With eyes located high on their heads, they can watch for danger even when their bills are pointing down.

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Flamboyant Fliers: Dances and Sounds

american woodcockSteve and Dave Maslowski
Identify an American woodcock by its thin facial stripes, distinct shape and cinnamon underbelly.

At first glance, they don’t look like skilled fliers. If you surprise a woodcock on the ground, it whirs off through the woods on short, rounded wings. The snipe leaps up from the mud and zigzags away as if it can’t decide which way to go. Both species seem reluctant to fly most of the time.

But on nights in early spring, they perform impressive sky dances. The male woodcock starts his performance around dusk by standing on an open patch of ground and calling a loud, buzzy pzeent!  several times per minute. Then he abruptly launches into the air and flies almost straight up, rising more than 100 feet above ground before he levels off. Then moving in a slow, fluttering circle against the darkening sky, he makes a thin, high-pitched twittering sound, punctuated with sharp chirps.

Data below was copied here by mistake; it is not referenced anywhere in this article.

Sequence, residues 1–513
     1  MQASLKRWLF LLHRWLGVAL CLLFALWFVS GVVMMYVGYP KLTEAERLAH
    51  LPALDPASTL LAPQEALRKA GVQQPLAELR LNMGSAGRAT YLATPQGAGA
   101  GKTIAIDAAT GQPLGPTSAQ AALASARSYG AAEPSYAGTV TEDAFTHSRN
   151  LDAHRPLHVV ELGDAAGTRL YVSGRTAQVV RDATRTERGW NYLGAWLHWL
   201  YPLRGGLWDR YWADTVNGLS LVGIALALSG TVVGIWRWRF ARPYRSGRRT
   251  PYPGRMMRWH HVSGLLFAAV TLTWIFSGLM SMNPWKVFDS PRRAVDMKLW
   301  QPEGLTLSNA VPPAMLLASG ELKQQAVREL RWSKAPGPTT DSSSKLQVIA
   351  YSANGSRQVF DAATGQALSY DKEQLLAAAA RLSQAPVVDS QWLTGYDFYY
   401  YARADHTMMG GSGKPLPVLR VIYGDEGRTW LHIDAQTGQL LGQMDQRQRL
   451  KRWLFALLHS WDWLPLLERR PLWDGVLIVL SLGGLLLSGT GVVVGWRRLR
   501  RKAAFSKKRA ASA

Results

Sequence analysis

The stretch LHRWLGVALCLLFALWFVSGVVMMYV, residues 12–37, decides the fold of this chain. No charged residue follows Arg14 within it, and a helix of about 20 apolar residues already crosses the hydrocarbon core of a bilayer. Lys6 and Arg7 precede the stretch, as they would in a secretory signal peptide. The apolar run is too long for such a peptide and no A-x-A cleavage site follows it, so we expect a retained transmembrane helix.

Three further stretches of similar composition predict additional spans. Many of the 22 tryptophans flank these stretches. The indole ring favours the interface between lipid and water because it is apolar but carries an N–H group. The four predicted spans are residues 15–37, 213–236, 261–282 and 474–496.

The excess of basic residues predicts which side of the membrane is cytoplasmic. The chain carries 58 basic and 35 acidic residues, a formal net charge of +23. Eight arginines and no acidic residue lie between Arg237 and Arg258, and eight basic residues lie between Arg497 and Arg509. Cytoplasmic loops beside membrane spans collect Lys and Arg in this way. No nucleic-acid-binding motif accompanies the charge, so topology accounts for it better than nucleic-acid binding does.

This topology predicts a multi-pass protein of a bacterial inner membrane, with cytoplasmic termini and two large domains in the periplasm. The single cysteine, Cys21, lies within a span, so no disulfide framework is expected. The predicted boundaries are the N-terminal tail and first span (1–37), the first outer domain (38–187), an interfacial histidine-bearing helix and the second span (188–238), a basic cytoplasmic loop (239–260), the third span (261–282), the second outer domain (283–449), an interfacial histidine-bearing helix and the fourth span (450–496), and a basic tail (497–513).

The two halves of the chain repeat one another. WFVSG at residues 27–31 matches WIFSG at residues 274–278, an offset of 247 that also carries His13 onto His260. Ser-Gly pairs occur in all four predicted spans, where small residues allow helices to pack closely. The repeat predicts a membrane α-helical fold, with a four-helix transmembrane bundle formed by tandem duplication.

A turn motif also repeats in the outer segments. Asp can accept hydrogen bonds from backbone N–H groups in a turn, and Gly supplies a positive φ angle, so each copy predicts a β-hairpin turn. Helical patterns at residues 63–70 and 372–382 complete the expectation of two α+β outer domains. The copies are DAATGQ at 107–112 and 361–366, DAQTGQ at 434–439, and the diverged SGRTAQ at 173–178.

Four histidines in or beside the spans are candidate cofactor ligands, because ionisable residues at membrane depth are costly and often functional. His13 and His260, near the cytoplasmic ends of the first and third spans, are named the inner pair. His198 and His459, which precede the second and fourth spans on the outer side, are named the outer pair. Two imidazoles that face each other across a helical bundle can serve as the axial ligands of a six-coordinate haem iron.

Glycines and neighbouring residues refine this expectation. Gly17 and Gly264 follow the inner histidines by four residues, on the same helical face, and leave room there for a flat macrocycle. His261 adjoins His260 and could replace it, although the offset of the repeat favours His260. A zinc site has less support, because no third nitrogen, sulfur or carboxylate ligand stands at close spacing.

American Woodcock Calling Peent During Spring Courtship. Image Shot 03/2011. Exact Date Unknown.William Leaman/Alamy Stock Photo
A male American woodcock uses a unique call (and dance) to attract potential mates.

After a minute or two he abruptly stops and dives toward the ground, landing exactly where he started, and begins making pzeent notes again. He may do this dozens of times during the first part of the night and again near dawn.

Wilson’s snipes are faster fliers than woodcocks. The male may perform day or night, but even in daylight he can be difficult to spot as he zooms around the sky in huge circles. He’s easy to hear, though, because every so often he goes into shallow dives while making a loud, hollow, quivering trill, often referred to as winnowing. The whole presentation isn’t as fancy as the woodcock’s artful display, but it may last longer. The male snipe sometimes zips around, winnowing, for more than half an hour at a time.

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Feather Sounds

Woodcock 4young D 1571Steve and Dave Maslowski
American woodcock chicks start their lives in an unrefined nest. It’s placed on the exposed ground, and features only a shallow bowl.

As if the aerial displays of these birds weren’t bizarre enough, they make sounds in flight not with their voices, but with certain feathers. On the male woodcock, the three outermost feathers on each wing are very narrow. They vibrate in flight to make a twittering sound. On the snipe it’s the outermost tail feathers that are shaped to vibrate. The bird can control the airflow across those feathers by the way it beats its wings, creating the loud winnowing notes that echo across the marshes.